In follow-up of my previous post “Pinhoti 100: Getting Over the Hill,” here is my husband Teddy’s race report for the Pinhoti 100 endurance run on 2 November (photos and my commentary at the end):
“Success greatly depends on your ability to adapt to what happens along the way.” That’s something I read before my first ultramarathon. I always said I wanted to run in an ultra, but probably would have never signed up for one myself. As a surprise birthday gift to me, this past summer, my wife came in with a Nathan hydration vest as an early birthday present. I thought: “What–like for camping?” Then she presented a sticker which read “100 Ultra” and honest, my shock was almost as if I were having twins all over again… I began training.
I noticed that most people who run ultras often choose a 50K as their first race. The more adventurist-type sometimes even choose a 50-miler, but only rarely will you see someone sign up for 100 miles as their first ultra (and even that type has been running marathons for a while and has become bored with only 26.2 miles). It wasn’t until my wife concocted the personal goal of running a half marathon in every state that I had even attempted more than probably 5 miles in at least 3 years. For her birthday, we each ran the Santa Rosa Half Marathon and had a blast. That was in August.
My training regimen consisted of 3-5 miles on Monday (when time allowed), 5-8 miles on Wednesday (when time allowed) and 20-30 on the weekends (which was the idea). Those weekend runs amounted to only a handful and none of which I went the full 30. I came close, but I never ran the full 30 miles. Honestly, I’d have been much more ill-prepared were it not for my wife and I credit what success I did have to her planning, attention to detail, consideration to this goal, and military standard of “Never taking ‘no’ for an answer” with orders to “get off your tail and get some miles under your feet.”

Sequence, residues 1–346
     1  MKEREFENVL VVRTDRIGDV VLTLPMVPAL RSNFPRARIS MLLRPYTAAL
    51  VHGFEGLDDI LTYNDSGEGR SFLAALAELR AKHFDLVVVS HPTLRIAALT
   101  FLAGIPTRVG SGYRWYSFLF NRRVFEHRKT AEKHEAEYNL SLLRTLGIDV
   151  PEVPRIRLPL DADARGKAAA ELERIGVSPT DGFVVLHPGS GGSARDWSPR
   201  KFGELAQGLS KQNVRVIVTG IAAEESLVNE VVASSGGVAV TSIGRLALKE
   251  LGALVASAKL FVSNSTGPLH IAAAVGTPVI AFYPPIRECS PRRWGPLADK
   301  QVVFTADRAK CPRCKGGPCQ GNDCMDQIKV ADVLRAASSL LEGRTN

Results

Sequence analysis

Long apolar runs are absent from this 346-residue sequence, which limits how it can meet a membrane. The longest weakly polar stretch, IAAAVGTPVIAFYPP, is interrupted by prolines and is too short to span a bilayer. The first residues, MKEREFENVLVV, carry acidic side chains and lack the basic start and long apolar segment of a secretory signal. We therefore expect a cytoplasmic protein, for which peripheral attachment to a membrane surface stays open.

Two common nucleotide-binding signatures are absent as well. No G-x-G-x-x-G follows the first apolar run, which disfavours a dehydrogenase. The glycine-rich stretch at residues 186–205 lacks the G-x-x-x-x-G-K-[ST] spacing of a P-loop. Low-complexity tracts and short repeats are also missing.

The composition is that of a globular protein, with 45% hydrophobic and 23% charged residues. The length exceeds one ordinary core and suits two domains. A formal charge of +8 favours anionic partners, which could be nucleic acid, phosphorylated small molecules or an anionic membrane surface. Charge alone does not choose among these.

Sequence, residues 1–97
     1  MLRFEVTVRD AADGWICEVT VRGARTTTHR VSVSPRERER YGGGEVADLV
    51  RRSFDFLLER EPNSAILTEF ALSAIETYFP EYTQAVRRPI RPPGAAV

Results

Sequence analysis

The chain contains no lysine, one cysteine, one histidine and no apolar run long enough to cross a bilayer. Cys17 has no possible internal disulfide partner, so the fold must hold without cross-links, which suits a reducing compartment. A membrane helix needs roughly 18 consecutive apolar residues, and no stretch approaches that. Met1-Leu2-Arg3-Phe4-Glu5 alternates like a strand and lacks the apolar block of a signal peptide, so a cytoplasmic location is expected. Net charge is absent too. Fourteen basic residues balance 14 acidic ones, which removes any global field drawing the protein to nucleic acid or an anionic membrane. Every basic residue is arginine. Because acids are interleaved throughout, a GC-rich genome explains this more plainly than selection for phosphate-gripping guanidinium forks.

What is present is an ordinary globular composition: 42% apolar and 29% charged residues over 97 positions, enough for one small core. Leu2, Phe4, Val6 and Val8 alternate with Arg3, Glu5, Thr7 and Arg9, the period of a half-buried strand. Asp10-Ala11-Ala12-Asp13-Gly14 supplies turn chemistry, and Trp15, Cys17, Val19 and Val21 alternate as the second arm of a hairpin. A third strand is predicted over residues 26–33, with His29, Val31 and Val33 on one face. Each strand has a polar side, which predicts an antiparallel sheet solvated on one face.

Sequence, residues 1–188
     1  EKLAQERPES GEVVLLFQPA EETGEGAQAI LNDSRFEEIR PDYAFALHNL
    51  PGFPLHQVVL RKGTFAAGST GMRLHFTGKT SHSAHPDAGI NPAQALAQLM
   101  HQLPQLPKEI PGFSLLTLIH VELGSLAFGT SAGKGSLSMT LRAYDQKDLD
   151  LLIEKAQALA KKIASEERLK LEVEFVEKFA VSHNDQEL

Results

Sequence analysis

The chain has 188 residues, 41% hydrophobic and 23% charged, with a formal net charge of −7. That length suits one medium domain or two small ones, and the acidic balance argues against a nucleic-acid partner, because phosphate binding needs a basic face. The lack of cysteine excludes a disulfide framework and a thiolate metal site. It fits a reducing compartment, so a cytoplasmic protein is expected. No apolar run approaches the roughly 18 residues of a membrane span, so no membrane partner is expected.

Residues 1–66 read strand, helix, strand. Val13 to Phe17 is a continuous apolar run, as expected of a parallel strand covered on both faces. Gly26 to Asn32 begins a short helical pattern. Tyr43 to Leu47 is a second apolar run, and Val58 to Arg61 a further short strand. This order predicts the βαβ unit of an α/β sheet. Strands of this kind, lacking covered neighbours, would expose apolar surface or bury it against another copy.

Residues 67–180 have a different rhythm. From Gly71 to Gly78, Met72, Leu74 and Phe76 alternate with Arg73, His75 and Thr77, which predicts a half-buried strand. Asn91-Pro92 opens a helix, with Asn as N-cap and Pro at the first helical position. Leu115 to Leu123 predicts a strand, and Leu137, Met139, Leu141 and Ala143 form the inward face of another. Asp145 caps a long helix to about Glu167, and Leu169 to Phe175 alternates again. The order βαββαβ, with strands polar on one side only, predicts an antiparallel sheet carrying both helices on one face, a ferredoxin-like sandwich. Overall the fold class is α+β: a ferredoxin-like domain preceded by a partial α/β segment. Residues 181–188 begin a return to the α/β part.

My first ultra-run consisted of 100 miles, through the Pinhoti trail which traverses the highest peak in Alabama. Those who respect elevation and distance soon realize that all ranges, mountains, and even hills, can vary in difficulty and it has very little to do with an elevation profile. Difficulty is in direct proportion to horizontal distance decreases vs. vertical distance increases and the Pinhoti trail has plenty of steep pathways–certainly more than I’m used to living on the gulf coast and coming from Oklahoma. Couple this with training runs that mostly consisted of many hills to my advantage, but very little uneven terrain–which eventually became my ultimate nemesis.
In 2006 I hiked many miles on the AT in Virginia with a few friends. We marched on in the dead of both summer and winter and collectively all became humbled by nature in both hard elevations and even flat, long distances on one occasion in what I like to refer to as a “paradise can be hell” hike. We became virtually stranded on a barrier island in the August heat with our only 2 forms of hydration as: 1. a water filter with no fresh water to filter and 2. a Powerade vending machine ~ 14 miles away… through sea-facing, white-hot sand. Getting to the point… the AT was much more accommodating than the Pinhoti.
The Pinhoti trail is mostly a single-track trail, hardly wide enough to fit two middle school-aged shoes together side-by-side. Added to this, there are many, MANY jagged rocks jetting out from the surface along with tree roots and small stumps. And let’s face it, the Pinhoti Trail gets a fraction of the foot traffic throughout the year than the AT and it shows. Couple these dangers with the fallen leaves of Autumn (and piles of pine needles) and they all become hidden… tucked away in what appears to be a nice Sunday stroll. Although briefed prior to the run about the lack of traffic-ability and inability to pass during the first leg, due to a terrible and unforeseen parking situation at the start for all of the runners, I arrived to sign in with enough time to sign my name, tie my shoes and hear the gun shot–no kidding at all. No stretching, no prep. Just a 15 minute walk through the dark, through upper-30 deg F temps and then: GO!
Although expecting to have a slow start I had no idea how slow–none at all. The first leg was over 6.5 miles. I literally timed myself standing in one spot for over 20 minutes at one point with no way to move forward or pass–20-foot drop to the right, 68 degree slope of grass and mud to the left. We were so packed that I used my headlamp for a total of about 8 minutes over an hour of darkness. Dozens upon dozens of people ahead, the first runners were crossing the first water crossing and the line of runners came to frankly a dead stop. Although I was allotted 2 hours for the first leg, I made it to the first aid station with only minutes to spare.